• Going Through the Change by Samantha Bryant (Curiosity Quills Press, April 2015) — “Going through “the change” isn’t easy on any woman. Mood swings, hot flashes, hormonal imbalances, and itchy skin are par for the course. But for these four seemingly unrelated women, menopause brought changes none of them had ever anticipated–super-heroic changes. Helen discovers a spark within that reignites her fire. Jessica finds that her mood is lighter, and so is her body. Patricia always had a tough hide, but now even bullets bounce off her. Linda doesn’t have trouble opening the pickle jar anymore…now that she’s a man. When events throw the women together, they find out that they have more in common than they knew–one person has touched all their lives. The hunt for answers is on.”
  • Fiction: Adult Onset by Ann-Marie MacDonald (Tin House, April 2015) — “Mary Rose MacKinnon is a successful author of YA fiction doing a tour of duty as stay-at-home mom while her partner, Hilary, takes a turn focusing on her career. She tries valiantly to balance the (mostly) solo parenting of two young children with the relentless needs of her aging parents. But amid the hilarities of full-on domesticity arises a sense of dread. Do other people notice the dents in the expensive refrigerator? How long will it take Mary Rose to realize that the car alarm that has been going off all morning is hers, and how on earth did the sharpest pair of scissors in the house wind up in her toddler’s hands?”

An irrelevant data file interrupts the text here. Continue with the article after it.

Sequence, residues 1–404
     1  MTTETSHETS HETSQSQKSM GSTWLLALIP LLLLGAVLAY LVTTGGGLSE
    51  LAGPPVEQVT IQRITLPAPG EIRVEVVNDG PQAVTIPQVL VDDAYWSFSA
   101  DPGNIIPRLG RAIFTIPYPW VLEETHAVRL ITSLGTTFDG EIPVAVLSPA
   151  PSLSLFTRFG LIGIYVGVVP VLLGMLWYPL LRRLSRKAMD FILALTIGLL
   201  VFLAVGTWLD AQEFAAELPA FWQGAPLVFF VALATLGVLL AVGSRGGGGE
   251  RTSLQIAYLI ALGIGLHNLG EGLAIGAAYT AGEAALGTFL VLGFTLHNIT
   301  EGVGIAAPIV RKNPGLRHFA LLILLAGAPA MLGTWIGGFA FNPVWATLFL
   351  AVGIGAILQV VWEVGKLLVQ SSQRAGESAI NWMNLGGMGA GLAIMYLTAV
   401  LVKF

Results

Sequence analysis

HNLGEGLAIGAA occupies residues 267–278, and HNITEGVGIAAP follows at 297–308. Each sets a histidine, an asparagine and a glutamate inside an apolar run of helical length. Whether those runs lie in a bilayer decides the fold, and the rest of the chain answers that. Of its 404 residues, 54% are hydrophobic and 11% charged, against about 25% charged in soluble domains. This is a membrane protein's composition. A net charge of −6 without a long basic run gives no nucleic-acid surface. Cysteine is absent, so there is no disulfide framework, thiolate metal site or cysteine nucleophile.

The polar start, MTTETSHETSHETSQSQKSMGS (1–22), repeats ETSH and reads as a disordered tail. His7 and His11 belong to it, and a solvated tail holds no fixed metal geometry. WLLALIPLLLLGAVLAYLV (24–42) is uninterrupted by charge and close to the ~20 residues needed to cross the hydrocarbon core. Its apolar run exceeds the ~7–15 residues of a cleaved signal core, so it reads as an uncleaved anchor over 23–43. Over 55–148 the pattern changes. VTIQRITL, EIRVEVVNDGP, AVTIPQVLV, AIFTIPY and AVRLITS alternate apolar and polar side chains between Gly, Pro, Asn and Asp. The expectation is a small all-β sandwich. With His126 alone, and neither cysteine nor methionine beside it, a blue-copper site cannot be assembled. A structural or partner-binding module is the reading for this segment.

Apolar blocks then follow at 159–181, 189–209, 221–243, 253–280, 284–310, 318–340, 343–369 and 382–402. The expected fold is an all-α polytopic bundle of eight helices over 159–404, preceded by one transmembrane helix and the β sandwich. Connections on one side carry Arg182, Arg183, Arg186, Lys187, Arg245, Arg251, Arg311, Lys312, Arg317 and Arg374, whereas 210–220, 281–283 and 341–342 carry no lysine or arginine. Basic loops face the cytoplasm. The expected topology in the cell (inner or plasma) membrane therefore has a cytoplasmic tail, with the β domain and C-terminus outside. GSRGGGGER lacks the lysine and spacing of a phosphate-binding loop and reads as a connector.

• The Book of Phoenix  by Nnedi Okorafor (DAW Hardcover, May 5) — a prequel to Who Fears Death in Okorafor’s magical futurism mode!
  • A Long Time Until Now by Michael Z Williamson (Baen, May 5, 2015)
  • Sword of the North (The Grim Company, #2)  by Luke Skull (Roc Hardcover, Hay 5)
  • Midnight’s Kiss (A Novel of the Elder Races) by Thea Harrison (Berkeley, May 5)